When Jerry Sandusky was convicted of 45 counts of sexual abuse against 10 boys back in 2012, the Penn State board ended payment of Sandusky’s $4,900-a-month pension. On Tuesday night the AP reported that a Pennsylvania arbitrator ruled that those payments must be restored and back pay awarded to Sandusky.
According to the AP report, the heart of the matter was the actual end of Sandusky’s employment at Penn State. That’s because the pension needed to be paid out via the rules in place at the time Sandusky retired and not after.
From the AP report:
“Hearing examiner Michael Bangs wrote in an opinion dated Thursday but made public Monday that it was clear the former assistant football coach was no longer a Penn State employee after his 1999 retirement.”
It appears the issue is that the State Employee Retirement Services (SERS) department attempted to use a rule change from 2004 that made sexual offenses to the list of crimes that triggered forfeiture of a pension.
However, examiner Bangs saw things differently, “The Pennsylvania forfeiture law is simply not applicable to SERS’ members who commit crimes after they have begun receiving their pensions, which is really what SERS is attempting to do in this case,” Bangs wrote. “The courts simply cannot extend the current law beyond any rational interpretation of its current form.”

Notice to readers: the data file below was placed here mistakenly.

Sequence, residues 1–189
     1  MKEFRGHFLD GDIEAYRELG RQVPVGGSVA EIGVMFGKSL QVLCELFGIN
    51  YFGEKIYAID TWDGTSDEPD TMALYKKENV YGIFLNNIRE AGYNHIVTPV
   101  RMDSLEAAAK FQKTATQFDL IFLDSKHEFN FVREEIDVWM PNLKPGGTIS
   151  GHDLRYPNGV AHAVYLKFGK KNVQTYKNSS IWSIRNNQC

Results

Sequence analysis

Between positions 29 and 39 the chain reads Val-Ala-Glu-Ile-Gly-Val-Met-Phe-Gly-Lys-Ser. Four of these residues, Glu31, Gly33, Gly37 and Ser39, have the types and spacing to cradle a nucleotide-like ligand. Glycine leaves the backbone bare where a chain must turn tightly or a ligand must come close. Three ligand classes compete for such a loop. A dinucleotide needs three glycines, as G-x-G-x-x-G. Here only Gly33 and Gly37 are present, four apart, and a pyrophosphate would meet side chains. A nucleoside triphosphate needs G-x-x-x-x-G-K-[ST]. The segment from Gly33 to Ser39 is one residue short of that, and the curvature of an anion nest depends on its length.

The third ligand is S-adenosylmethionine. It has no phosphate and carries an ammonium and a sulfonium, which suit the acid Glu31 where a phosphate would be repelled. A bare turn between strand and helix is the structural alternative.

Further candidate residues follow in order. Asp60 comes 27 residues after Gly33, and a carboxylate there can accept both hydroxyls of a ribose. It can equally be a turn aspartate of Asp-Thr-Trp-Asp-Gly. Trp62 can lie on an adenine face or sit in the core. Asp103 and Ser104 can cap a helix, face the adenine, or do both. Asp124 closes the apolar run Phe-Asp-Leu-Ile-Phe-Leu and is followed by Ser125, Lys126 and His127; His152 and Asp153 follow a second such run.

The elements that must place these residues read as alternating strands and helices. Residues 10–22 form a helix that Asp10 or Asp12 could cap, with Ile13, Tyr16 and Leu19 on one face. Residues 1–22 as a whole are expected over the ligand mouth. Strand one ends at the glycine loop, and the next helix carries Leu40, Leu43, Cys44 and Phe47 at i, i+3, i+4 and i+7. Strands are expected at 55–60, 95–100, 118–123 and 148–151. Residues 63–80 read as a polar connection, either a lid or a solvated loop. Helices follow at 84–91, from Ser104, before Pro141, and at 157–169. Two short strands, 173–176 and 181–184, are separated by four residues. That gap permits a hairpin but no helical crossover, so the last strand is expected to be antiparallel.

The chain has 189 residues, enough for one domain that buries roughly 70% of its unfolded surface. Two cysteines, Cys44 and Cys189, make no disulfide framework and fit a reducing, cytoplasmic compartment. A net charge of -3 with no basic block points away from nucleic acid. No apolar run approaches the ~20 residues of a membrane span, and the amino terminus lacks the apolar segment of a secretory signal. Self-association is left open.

Both sides of this fight can respond to the recommendation of the arbitrator, and it will be up to the SERS board to make the final determination on Sandusky’s pension. The board could rule on this as early as this fall, and if it is reinstated his wife Dottie could get as much as a 50 percent survivors annuity according to the AP report.
Sandusky is currently serving a 30-to-60 year prison term for the sexual assaults and at the age of 70 is highly unlikely to see the outside world as a free man again.